Within any oil fired heating system it is law that an emergency fire shut off valve should be installed. The fire valve must isolate the oil at the point of entry into the building and be activated by a remote sensor at the boiler. Note: A capillary fire valve does not prevent a fire from occurring but it will stop a fire being fuelled further by any more heating oil.
As you can see from the diagram here . The capillary fire valve is positioned outside the external wall of the building between the tank and the entry of the fuel feed pipe to the building. The capillary tube with the sensor then goes into the building to the boiler to monitor the temperature.
The sensor and the capillary is filled with a liquid that expands in extreme temperatures. When the liquid expands it will be forced up the capillary tube to the valve body outside the building. The pressure of the expanded liquid on the internal parts of the valve will cause it to close. Once the valve has closed it will no longer allow fuel through the feed pipe to the boiler.
Fuelstop is one of the leading brands of capillary fire valve on the market. The reason they are a popular choice is down to the fact that they are liquid filled rather than most valves available being gas filled. Due to the laws of physics gas heats up quicker than liquids and gas filled valves are susceptible to nuisance tripping. This means the valves can shut off on a particularly warm day or where there is a high ambient temperature. This would mean the valve would trip off and shut off the oil feed to the boiler when it is not required to. This may happen and you wouldn’t know it until the winter and you try to turn on your heating system.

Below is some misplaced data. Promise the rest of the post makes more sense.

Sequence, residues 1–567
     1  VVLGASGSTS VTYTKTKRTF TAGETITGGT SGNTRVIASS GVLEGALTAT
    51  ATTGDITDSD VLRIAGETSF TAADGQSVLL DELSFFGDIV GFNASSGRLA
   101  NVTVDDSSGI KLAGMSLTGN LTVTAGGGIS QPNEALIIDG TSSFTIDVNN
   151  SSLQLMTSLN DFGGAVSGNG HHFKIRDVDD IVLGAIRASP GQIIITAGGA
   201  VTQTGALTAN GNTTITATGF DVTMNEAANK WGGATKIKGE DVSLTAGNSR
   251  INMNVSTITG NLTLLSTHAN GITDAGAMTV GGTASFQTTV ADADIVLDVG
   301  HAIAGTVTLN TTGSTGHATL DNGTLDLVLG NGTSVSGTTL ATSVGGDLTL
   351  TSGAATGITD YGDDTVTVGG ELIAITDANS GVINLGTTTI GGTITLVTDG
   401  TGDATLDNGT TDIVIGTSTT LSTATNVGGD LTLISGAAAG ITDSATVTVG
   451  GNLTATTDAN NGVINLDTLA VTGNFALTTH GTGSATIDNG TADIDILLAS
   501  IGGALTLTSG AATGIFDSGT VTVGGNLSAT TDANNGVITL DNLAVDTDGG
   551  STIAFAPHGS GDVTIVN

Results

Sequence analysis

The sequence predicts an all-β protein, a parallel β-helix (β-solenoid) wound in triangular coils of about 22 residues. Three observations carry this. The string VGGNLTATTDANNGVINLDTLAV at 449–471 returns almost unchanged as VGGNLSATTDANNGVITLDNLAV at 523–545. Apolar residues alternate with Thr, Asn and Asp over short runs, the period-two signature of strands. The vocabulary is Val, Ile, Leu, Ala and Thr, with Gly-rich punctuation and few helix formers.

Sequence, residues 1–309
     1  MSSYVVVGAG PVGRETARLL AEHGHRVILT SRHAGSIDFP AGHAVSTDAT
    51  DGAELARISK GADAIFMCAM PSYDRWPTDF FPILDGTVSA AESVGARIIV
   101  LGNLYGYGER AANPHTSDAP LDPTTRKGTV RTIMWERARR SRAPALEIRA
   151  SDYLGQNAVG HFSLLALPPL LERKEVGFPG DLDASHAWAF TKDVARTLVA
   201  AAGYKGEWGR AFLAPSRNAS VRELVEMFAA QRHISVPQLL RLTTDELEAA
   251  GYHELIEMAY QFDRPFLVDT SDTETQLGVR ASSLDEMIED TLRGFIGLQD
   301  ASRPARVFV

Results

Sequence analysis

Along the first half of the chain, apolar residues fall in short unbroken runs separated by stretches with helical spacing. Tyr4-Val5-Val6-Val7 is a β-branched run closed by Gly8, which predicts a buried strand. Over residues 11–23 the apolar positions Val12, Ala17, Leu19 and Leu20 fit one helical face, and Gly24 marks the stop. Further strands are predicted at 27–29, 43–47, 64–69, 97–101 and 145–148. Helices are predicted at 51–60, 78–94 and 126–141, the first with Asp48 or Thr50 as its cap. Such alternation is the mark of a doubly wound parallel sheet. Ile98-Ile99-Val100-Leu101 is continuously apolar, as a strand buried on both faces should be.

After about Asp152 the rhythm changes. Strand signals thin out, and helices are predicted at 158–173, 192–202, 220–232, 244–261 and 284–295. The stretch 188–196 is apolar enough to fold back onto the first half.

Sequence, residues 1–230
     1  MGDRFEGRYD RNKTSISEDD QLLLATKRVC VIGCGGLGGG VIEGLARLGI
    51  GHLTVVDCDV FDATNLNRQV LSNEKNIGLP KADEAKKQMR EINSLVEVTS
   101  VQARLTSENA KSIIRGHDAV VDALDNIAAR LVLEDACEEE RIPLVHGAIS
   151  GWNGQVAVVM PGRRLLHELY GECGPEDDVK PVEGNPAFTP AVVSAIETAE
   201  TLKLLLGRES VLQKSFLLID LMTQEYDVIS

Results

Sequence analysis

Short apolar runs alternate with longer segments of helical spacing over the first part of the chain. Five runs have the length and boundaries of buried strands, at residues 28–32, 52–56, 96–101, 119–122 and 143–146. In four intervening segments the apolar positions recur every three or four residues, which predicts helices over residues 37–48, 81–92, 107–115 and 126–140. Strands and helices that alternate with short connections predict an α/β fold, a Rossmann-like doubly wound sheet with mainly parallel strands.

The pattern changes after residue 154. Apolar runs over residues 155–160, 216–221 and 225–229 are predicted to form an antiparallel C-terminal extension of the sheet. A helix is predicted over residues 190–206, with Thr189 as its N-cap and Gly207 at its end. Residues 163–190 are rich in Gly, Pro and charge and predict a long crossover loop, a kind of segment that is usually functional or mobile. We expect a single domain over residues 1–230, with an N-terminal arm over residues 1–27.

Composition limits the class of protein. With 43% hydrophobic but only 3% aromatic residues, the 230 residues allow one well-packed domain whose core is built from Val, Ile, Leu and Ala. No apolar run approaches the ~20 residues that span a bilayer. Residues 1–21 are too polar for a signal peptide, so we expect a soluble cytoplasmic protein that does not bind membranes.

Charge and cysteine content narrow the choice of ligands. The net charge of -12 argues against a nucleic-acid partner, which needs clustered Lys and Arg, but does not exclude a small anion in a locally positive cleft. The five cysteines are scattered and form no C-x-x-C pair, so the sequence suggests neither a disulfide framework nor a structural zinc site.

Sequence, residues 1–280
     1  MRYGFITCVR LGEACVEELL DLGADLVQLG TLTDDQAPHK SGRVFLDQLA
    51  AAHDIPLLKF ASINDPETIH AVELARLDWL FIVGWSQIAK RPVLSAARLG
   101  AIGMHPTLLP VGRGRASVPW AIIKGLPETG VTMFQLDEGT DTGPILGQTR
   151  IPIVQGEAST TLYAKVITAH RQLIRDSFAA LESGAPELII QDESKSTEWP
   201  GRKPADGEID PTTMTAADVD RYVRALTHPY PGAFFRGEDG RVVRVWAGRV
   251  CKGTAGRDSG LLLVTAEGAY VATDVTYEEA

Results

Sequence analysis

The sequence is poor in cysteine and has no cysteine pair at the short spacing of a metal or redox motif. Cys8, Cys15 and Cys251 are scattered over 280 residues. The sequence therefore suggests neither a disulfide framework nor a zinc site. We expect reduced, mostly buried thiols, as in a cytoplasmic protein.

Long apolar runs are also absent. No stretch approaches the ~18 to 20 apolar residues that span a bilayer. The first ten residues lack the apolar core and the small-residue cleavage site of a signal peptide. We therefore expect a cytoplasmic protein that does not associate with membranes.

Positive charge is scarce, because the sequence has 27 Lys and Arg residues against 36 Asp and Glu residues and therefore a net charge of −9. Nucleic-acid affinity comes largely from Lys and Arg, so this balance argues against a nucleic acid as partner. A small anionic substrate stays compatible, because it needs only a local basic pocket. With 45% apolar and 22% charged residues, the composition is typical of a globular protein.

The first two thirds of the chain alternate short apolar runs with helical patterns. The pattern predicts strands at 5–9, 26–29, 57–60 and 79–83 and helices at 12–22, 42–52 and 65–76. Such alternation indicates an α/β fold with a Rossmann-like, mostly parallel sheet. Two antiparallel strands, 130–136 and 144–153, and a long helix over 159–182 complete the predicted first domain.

The Fuelstop capillary fire valve is a very flexible valve that comes in 2 different temperature ranges and many different capillary lengths. They also come in 2 different connection sizes of 3/8″(10mm) or 1/2″. The 3/8″ version also comes complete with free compression fittings and soft copper pipe inserts.